b) a pair of continuous flat plane slides attached to a leading edge of the adapting pad via bolts, said slides contained in and capable of extending outwardly from the cargo area, the slides including a plurality of sections wherein each section of the slides, when extended, overlaps an adjacent section by at least one half of the length of each section,
c) a cargo floor panel with four corners, each corner having a vertical leg that is foldable and extendable to move the cargo floor panel between a raised and a lowered position,
d) a transition floor panel, and
e) a main floor panel connected at its rear end to the slides, the main floor panel including:
extending floor panels hingedly mounted on side edges of the main floor panel,
a step-ladder foldably mounted to a rear end of the main floor panel,
a tent structure having tent supports hingedly connected at corners of the main floor panel and extending upward, peak supports removably attached at the top of adjacent tent supports and extending perpendicular to the continuous flat plane slides, safety railing braces removably attached between adjacent tent supports and extending parallel to the continuous flat plane slides, and a canopy tent material supported by the tent supports and peak supports to provide an enclosed shelter,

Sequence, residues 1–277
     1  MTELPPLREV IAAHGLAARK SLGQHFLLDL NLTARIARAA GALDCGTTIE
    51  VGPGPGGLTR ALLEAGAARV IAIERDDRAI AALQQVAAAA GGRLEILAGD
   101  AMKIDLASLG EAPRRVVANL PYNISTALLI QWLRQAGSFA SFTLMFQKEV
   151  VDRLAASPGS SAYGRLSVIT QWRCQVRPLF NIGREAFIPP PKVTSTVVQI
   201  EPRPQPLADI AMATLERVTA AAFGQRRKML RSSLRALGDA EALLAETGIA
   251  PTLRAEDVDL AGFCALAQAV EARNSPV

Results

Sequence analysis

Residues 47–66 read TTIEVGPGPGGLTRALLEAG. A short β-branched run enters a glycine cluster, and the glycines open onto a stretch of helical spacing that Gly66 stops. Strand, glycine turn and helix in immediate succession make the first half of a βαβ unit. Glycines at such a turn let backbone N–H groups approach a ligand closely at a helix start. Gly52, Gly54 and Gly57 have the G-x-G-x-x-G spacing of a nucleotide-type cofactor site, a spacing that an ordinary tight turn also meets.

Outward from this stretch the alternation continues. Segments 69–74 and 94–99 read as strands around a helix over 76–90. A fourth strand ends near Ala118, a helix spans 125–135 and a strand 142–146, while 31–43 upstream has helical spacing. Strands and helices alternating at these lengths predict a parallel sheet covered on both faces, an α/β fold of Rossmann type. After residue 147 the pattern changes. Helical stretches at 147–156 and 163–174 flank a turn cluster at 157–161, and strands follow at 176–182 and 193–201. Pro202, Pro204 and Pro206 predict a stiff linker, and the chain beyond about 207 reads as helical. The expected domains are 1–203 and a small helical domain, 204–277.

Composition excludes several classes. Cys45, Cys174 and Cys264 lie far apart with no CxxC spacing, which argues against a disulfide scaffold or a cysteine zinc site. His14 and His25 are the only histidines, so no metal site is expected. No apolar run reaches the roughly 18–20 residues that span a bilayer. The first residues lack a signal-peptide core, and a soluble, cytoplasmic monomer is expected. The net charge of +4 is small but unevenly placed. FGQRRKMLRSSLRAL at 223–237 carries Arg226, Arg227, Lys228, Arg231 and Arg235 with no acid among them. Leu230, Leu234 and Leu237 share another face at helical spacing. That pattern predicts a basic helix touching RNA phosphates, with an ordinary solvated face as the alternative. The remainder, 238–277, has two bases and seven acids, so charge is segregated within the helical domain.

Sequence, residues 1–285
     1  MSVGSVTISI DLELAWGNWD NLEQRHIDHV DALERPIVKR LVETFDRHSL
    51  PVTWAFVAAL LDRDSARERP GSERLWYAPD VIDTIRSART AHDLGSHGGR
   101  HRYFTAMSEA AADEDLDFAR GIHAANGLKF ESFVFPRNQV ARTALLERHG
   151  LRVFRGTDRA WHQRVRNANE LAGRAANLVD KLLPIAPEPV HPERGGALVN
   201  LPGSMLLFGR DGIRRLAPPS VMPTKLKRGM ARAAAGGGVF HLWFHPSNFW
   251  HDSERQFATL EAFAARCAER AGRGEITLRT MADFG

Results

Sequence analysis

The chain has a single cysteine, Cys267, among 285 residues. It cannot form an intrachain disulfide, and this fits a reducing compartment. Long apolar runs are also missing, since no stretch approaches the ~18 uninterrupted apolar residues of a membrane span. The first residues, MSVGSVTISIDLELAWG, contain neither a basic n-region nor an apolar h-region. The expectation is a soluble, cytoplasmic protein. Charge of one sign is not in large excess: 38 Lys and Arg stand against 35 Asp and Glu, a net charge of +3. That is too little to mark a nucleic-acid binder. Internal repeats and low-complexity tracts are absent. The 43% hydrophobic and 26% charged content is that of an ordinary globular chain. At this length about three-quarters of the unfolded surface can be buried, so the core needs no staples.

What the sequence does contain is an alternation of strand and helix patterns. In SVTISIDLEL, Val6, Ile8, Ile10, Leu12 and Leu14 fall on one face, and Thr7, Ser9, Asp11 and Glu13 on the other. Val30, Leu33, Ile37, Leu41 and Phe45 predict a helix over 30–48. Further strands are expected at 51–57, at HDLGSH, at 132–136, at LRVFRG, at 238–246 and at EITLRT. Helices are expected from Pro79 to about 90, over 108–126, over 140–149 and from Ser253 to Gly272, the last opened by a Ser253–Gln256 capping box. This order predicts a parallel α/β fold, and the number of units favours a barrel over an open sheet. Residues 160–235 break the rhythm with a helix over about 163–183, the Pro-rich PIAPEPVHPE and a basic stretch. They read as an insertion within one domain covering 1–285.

telescoping legs hingedly connected at corners of the main floor panel and extending downward, the legs including a foldable channel foot pad hingedly connected at one end to a bottom of the leg, the channel foot pad including a telescopic inside leg hingedly attached at an opposite end thereof to extend upward to support the main floor panel, leg support braces removably attached to the telescoping legs and extending parallel to the continuous flat plane slides,